Kieren Fallon, Britain's champion jockey last year, was banned for 21 days Monday by the British Jockey Club following his short-head defeat on maiden Ballinger Ridge at Lingfield Park in Surrey March 2.
However, the club's investigation into unusual betting on the race continues, as does its examination of a five-page expose of Fallon by the Sunday tabloid, News Of The World
, which alleged, among other things, that the jockey told undercover reporters beforehand that the winner Rye would defeat his mount.
Fallon was well clear on 15/8 chance Ballinger Ridge in the mile maiden when he began taking things easily. He only started asking his mount for an effort again as he realized that Rye, the 8/11 favorite, was closing but got beaten on the line.
Fallon has strenuously denied he deliberately set out to get Ballinger Ridge beaten, saying he made a mistake. The News of World
sting operation was described by the newspaper as revealing "the sports scandal of the decade" but presented little concrete evidence.
The jockey arrived back Monday from Spain where he had been due to ride on Sunday but did not take up his commitments - he barged past reporters at Stansted airport and made no comment.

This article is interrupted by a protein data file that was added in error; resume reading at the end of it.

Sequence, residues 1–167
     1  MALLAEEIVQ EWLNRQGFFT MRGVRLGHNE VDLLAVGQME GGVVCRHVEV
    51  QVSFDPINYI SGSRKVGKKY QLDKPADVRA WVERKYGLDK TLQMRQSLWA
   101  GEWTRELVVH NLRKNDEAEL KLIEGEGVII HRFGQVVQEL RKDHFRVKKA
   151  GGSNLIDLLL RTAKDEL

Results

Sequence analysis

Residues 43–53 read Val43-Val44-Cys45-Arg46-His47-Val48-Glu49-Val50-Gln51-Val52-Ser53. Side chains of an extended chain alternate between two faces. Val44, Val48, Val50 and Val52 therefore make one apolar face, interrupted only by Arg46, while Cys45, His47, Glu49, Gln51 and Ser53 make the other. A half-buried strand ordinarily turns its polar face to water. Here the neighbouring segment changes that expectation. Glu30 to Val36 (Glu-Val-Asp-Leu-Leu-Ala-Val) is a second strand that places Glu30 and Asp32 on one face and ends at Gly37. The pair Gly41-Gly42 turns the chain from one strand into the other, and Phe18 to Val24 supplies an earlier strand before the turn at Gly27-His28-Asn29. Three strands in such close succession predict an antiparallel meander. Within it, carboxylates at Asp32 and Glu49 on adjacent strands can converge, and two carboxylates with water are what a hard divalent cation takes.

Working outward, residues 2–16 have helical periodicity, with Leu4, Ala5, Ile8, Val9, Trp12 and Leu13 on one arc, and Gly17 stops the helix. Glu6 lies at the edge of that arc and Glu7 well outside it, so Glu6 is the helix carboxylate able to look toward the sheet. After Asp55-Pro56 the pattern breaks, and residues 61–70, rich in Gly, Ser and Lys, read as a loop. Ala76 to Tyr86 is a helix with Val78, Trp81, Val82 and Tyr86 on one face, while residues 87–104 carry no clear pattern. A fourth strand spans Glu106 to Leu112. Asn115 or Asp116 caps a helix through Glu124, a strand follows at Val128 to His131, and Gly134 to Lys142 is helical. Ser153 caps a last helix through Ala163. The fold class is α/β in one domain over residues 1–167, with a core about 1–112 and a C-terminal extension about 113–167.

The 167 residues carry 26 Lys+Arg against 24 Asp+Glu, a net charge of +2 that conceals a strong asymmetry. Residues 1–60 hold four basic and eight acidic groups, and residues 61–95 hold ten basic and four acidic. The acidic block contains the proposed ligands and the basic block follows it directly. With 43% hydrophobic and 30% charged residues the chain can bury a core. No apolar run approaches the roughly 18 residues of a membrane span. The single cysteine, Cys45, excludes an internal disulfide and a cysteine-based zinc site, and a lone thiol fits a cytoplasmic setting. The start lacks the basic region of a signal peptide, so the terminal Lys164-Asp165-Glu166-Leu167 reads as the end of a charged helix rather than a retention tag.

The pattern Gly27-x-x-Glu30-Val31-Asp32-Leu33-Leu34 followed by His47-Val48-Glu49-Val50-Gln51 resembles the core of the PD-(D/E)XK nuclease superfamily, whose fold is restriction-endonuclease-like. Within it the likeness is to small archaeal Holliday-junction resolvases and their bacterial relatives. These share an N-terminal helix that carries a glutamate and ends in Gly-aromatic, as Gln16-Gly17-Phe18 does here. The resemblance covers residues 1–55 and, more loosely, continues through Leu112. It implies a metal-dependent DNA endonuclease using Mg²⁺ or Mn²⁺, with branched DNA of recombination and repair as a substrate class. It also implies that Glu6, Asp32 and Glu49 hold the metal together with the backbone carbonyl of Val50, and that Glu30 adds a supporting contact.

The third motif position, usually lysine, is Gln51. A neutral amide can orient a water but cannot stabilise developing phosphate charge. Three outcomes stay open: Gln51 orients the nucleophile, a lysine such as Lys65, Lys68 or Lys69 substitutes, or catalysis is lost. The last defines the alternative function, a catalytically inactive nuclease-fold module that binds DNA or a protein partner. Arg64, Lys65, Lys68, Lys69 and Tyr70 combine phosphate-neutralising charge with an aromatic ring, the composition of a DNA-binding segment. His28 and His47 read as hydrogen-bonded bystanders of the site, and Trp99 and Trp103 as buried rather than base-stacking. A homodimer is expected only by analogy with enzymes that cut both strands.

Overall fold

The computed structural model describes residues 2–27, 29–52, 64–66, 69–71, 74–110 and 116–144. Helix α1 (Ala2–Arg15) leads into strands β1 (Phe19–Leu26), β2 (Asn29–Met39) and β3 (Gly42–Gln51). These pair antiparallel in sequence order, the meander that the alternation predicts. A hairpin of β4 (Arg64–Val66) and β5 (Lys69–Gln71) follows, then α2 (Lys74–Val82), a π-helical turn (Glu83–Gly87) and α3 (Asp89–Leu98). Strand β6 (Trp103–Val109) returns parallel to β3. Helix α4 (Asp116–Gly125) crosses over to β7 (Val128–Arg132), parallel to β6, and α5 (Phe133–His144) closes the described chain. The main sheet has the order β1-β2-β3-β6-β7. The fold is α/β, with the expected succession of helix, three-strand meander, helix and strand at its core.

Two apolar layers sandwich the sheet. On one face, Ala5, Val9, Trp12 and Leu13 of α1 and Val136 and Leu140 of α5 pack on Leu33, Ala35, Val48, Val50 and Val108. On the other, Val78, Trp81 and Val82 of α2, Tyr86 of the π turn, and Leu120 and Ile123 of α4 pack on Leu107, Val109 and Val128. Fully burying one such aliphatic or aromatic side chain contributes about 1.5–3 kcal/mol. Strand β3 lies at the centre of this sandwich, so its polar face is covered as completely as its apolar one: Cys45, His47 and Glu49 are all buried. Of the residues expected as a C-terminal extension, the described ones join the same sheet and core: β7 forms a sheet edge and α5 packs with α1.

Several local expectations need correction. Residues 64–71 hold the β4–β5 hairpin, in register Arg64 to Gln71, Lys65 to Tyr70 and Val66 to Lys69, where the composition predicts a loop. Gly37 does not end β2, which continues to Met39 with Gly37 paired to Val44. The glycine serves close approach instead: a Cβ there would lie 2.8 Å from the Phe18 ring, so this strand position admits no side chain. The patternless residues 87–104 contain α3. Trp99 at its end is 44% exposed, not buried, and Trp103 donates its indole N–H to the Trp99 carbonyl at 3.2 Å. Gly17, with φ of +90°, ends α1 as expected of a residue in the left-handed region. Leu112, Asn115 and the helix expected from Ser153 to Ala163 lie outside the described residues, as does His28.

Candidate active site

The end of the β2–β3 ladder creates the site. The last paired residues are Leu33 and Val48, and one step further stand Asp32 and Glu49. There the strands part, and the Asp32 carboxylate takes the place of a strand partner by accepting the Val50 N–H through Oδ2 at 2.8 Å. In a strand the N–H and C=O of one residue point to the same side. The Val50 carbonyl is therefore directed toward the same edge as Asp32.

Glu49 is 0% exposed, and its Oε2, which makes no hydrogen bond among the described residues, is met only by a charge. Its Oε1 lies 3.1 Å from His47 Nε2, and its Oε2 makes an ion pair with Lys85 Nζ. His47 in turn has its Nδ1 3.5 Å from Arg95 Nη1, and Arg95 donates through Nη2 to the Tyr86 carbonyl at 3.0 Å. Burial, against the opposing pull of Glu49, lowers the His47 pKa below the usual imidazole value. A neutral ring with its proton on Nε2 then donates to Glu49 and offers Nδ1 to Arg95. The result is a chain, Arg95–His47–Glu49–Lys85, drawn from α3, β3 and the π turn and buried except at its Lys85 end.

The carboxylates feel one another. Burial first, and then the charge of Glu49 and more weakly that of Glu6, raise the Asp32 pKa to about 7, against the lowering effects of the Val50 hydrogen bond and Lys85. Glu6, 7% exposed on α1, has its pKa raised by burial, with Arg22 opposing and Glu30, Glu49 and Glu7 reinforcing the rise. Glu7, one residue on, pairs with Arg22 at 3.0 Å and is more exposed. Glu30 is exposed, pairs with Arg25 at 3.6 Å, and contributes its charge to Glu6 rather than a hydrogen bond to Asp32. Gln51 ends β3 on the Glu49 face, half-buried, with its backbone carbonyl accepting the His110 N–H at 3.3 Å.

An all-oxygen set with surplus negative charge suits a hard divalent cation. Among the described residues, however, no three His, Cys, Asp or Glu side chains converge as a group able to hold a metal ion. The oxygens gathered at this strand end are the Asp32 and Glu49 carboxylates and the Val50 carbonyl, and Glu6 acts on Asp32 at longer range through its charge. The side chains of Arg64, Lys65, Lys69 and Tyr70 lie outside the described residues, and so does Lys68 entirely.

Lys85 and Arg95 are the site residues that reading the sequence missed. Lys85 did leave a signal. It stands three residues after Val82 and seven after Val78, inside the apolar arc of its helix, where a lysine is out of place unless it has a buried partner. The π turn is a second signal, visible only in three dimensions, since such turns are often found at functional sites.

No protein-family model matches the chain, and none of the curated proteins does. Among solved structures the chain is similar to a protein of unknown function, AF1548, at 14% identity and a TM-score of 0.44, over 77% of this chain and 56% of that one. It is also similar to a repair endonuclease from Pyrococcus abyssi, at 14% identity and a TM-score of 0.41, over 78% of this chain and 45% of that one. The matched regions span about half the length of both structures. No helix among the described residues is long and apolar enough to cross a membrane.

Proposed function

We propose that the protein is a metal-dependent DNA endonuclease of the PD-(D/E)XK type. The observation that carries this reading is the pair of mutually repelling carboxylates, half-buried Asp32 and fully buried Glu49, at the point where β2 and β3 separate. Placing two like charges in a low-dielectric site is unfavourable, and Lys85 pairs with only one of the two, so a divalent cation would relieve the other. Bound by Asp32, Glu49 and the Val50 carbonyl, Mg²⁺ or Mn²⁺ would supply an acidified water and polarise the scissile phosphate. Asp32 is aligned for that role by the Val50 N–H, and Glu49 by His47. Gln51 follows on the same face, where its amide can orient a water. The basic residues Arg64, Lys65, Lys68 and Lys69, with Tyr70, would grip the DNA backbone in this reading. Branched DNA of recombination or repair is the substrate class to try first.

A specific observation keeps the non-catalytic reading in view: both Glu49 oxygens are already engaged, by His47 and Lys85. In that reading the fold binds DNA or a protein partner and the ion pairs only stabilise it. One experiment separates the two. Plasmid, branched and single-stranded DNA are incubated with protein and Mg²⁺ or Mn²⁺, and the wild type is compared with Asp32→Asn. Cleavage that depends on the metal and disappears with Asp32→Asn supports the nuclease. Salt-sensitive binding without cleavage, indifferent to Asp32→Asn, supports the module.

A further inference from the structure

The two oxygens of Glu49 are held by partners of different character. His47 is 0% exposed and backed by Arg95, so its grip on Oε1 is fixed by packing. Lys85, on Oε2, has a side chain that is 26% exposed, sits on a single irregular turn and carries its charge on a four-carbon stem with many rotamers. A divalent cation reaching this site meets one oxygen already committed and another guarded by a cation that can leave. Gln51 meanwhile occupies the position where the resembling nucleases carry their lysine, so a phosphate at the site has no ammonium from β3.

The Lingfield Park stewards referred the matter to the Jockey Club headquarters after Betfair, a betting exchange, reported to the club before the race that there had been a number of individuals laying Ballinger Ridge to lose to large amounts - turnover on the race reached £1.5 million.
Racegoers at Lingfield Park on the day heaped insults on Fallon and the ban imposed today was the maximum that can be given for easing down prematurely and getting beaten.
Jockey Club public relations director John Maxse said: "What has happened this afternoon is that the disciplinary panel met to consider whether his riding offense from last week can be considered on its own, and whether it was possible to impose a penalty which would not in any way prejudice any forthcoming investigation or inquiry.
"Having consulted with Kieren Fallon's solicitors and also taken legal advice of our own, it was decided that a 21-day penalty could be imposed for his failure to ride out for first place at Lingfield last week.
"The dossier on the newspaper allegations revealed over the weekend will be delivered to the Jockey Club on Tuesday evening. We will study it and continue with that investigation, which will include interviews with Kieren Fallon and, if necessary, other riders as well."
Fallon's lawyer Christopher Stewart-Moore said: "We have made formal admission of a breach and it is called non-willful breach of rule 156, which I think is not riding a horse out to the finish line. I have given him my advice; he has taken my advice and he is agreeing to 21 days' suspension.
"He is ready to deal with the Jockey Club inquiry. As I understand it, the Jockey Club are going to receive the transcripts from the News Of The World
by the end of tomorrow. They will then be passed on to me, hopefully, so we can consider them and then Kieren can be interviewed by the Jockey Club. Kieren has to cooperate and he will cooperate."
Fallon's case has been front-page news in British newspapers and a lead item on television and radio news.
Ballinger Ridge runs again at Lingfield tomorrow.